I’m not a pet guy. I have no personal stake in legislation, sponsored by state Sen. Juan Vargas, D-San Diego, which would create a “voluntary” certification program for California’s pet grooming industry.
Yet, I’m troubled that Vargas and his fellow lawmakers think that pet grooming rises to the level that its practitioners ought to be certified.
Not because voluntary certification almost certainly will lead to involuntary certification which, inevitably, will lead to state-mandated licensing — which much of the state’s pet-grooming community fears.
But because the state government’s propensity to license any and every occupation with more than a handful of practitioners is a de facto restraint of trade that has a damping effect on competition and that ultimately raises the costs to consumers of pet grooming and other services.
As it is, California licenses more than 175 different professions, more than any other state. And while it is understandable that the state licenses doctors, lawyers and other professions where an incompetent practitioner can do irreparable harm, that certainly doesn’t apply to decorators, locksmiths or pet groomers.
Yet, the Vargas bill, SB 969, would require pet groomers to complete 900 hours of training — why not an even 1,000? — and to pay a to-be-determined fee to the state — but of course — for the privilege of coiffing poodles and manicuring Abyssinians.
And it would create a new California Pet Grooming Council to administer the certification process.
As with every other occupation regulated by the state, the rationale for licensing, or in the case of pet grooming, certification, is to protect consumers. But a Federal Trade Commission study on the costs and benefits of occupational regulation concluded that licensing “does not increase the quality of service.”
What it does do is impose a barrier to entry into regulated occupations, like pet grooming. That’s fine by big corporations, like Petco and PetSmart, that offer grooming services at higher prices than smaller, independent pet groomers. And it’s fine by the state’s veterinarians, who would like to make inroads in the pet grooming business.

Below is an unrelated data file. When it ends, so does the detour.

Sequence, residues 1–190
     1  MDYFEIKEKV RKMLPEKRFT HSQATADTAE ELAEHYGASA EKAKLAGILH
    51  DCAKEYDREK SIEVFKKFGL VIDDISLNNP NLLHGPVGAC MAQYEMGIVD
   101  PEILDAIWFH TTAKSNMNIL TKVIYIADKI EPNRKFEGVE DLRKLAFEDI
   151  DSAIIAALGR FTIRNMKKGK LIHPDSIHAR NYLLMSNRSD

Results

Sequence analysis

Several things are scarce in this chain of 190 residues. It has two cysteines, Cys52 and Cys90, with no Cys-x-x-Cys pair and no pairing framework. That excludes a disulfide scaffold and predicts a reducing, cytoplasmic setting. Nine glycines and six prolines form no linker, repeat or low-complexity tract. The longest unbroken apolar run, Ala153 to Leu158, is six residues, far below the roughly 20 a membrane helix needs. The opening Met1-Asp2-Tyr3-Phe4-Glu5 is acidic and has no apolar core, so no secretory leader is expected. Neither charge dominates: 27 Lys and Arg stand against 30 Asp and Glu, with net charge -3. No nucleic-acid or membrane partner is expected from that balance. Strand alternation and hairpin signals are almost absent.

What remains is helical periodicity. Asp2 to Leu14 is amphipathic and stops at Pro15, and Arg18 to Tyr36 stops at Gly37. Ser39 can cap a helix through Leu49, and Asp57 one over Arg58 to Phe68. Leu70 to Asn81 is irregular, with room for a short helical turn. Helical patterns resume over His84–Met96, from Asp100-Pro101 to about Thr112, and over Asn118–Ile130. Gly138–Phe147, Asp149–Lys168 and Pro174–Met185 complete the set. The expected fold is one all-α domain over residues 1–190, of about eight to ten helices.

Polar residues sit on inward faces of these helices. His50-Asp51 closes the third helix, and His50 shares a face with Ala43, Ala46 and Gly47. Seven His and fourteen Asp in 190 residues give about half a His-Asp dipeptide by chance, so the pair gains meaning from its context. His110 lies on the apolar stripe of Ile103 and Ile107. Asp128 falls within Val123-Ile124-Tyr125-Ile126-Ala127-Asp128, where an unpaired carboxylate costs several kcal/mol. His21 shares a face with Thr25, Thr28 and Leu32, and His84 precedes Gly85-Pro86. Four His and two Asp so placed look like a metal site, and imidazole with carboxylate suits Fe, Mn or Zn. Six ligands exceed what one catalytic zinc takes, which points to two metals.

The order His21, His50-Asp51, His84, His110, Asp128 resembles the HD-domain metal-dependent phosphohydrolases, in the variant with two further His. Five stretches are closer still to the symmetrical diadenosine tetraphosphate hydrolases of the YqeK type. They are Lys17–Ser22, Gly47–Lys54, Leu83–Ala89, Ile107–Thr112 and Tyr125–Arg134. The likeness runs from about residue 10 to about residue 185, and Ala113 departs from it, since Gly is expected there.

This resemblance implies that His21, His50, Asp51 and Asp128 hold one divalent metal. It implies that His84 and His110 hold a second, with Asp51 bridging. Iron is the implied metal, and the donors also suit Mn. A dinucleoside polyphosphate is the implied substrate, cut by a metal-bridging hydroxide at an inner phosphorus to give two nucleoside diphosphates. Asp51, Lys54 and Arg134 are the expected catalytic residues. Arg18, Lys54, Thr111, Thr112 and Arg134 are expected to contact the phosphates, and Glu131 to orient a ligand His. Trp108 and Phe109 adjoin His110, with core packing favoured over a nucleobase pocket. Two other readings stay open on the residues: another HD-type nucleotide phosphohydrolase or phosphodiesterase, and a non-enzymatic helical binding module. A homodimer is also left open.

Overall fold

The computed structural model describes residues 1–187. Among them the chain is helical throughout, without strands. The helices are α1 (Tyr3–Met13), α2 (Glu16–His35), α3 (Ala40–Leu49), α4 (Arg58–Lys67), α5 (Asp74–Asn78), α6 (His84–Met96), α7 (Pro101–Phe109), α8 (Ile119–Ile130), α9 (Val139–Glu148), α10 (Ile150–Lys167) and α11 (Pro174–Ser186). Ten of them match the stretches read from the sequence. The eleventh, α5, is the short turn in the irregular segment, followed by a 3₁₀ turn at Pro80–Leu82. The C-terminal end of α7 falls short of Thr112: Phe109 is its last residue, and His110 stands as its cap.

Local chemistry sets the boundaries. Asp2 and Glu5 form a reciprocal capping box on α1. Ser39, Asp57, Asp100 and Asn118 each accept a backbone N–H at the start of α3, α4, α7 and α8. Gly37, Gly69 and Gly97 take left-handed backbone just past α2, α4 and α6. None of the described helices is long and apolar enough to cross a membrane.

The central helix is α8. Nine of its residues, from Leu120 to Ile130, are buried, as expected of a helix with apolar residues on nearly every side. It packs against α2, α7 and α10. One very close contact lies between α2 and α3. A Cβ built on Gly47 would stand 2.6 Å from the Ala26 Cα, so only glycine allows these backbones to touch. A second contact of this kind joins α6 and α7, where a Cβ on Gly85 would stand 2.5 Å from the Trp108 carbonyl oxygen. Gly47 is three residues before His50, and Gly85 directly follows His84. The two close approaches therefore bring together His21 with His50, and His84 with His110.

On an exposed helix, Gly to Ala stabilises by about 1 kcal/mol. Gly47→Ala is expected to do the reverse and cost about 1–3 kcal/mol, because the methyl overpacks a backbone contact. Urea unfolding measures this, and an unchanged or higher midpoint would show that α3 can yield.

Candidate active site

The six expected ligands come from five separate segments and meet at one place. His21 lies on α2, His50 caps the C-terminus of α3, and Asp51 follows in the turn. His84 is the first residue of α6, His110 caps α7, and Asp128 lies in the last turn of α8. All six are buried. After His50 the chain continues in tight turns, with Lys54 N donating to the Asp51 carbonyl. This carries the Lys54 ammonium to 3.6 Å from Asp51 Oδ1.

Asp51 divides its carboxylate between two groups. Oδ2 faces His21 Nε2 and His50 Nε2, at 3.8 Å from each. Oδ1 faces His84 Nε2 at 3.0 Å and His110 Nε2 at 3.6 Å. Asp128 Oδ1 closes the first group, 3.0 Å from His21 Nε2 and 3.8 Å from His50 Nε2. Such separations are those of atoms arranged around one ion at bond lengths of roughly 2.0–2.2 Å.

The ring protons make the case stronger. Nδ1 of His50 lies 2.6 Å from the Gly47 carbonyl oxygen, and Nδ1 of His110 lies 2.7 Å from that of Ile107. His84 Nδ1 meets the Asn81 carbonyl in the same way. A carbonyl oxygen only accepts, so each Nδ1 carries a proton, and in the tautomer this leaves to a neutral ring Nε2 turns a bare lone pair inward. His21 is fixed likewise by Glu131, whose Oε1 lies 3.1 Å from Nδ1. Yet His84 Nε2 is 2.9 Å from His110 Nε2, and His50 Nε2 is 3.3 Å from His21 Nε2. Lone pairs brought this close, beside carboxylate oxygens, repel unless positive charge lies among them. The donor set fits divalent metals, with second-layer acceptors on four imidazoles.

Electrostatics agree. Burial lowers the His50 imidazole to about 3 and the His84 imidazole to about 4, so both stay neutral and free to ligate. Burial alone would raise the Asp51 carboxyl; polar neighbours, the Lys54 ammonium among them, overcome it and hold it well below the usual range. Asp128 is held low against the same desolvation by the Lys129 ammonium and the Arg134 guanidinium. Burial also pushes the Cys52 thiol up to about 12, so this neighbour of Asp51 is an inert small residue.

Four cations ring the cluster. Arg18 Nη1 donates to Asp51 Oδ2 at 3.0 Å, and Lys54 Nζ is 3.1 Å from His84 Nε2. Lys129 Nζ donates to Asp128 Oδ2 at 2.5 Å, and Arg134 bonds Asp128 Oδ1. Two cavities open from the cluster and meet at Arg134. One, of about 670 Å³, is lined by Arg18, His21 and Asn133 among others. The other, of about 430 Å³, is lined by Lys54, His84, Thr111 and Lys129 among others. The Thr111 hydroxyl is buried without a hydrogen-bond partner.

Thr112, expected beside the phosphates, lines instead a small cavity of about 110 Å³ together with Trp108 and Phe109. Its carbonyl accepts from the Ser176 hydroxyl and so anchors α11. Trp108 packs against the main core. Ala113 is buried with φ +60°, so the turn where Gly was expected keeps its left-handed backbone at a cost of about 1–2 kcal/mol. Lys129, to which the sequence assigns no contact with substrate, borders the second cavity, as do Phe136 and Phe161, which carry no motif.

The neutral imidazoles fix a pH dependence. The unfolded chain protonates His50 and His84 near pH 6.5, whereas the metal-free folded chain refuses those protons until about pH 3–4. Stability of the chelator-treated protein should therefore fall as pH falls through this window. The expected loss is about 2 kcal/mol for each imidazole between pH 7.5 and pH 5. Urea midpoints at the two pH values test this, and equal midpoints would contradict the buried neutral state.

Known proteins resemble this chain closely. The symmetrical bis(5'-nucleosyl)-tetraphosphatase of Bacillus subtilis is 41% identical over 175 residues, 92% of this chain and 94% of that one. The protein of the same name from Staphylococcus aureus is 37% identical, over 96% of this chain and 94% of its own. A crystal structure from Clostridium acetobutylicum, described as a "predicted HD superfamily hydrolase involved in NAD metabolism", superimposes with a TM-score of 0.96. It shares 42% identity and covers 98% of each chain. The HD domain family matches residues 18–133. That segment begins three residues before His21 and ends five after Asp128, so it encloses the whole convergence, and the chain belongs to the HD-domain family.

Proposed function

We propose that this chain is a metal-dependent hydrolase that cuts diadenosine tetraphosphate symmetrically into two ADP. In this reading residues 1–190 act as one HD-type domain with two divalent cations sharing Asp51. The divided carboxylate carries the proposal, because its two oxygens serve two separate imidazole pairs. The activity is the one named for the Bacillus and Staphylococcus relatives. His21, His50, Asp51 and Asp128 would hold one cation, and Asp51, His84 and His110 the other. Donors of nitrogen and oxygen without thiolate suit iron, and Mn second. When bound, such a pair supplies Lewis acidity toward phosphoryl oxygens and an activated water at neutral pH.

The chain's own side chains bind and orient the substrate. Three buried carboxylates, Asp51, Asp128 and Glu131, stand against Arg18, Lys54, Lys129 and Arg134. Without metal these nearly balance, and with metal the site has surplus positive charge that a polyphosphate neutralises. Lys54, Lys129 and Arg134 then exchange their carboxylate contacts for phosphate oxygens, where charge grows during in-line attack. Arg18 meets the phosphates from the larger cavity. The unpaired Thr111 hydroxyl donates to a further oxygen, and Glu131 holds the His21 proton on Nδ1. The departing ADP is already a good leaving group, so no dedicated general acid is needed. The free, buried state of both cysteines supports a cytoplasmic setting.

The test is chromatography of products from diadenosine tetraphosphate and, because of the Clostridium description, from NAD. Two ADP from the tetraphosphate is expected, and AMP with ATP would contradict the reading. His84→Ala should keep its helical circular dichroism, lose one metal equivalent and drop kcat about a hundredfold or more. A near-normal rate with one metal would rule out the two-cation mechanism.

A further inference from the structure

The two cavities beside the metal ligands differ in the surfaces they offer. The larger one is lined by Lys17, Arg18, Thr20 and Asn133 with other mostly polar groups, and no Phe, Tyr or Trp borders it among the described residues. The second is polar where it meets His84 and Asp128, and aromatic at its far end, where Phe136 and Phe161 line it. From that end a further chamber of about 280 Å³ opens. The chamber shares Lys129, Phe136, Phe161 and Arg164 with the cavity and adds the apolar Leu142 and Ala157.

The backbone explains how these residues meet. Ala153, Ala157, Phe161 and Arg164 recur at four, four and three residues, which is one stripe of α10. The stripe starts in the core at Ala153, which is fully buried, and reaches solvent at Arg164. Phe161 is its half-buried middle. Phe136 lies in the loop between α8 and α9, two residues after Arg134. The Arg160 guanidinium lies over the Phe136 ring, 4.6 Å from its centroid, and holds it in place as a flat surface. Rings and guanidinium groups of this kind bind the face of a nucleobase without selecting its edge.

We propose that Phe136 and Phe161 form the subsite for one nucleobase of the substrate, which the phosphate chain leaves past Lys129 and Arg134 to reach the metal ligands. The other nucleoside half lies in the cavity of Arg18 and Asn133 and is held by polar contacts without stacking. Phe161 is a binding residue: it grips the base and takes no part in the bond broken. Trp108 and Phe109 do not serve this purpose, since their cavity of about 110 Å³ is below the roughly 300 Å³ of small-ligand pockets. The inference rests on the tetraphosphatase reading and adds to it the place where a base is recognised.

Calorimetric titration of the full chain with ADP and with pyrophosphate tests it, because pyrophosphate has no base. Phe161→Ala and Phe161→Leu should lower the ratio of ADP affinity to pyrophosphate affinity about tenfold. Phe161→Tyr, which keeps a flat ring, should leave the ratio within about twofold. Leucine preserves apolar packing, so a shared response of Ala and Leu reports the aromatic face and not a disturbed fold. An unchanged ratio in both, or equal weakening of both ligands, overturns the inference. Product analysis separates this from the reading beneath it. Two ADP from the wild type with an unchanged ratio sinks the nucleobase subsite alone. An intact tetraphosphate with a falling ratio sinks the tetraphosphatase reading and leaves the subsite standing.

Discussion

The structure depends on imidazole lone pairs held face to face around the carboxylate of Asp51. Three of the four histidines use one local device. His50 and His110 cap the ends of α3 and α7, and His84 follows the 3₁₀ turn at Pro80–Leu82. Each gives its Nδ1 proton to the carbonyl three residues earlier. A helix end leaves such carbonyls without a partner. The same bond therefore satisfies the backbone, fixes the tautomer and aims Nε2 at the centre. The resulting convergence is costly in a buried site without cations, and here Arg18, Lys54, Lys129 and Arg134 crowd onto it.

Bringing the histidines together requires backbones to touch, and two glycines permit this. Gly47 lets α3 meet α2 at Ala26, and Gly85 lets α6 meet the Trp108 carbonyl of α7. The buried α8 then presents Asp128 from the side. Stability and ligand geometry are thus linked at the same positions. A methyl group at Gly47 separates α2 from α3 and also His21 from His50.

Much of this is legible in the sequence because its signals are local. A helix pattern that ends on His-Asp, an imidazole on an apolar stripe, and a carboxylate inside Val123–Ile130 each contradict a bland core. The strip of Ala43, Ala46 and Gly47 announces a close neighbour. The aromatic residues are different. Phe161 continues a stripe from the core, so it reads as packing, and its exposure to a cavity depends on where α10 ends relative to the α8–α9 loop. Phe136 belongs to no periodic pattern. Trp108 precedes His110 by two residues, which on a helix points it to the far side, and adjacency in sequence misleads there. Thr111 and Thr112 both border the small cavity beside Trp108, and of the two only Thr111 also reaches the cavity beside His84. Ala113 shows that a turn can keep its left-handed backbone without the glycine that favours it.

But with almost 2 million Californians out of work three years into the state’s putative economic recovery, now is absolutely the wrong time for the Legislature to enact a measure, like SB 969, that will create even more joblessness.
And not only should lawmakers reject proposed certification of pet groomers, be it “voluntary” or not, they also should revisit state licensing mandates for the more than 175 or so occupations to which they currently apply.
A sensible reform would require licensing only for occupations that, if unregulated, could pose a threat to public health and safety, as well as those, again, where a deficient practitioner can cause irreparable harm.
Under such criteria, the state government’s regulatory power would be stayed against not only pet groomers, but also furniture upholsterers, pesticide applicators, court reporters and other service providers whose occupations are needlessly licensed.
(Joseph Perkins is the Business Editor for San Diego Magazine. Originally posted on CalWatchdog.)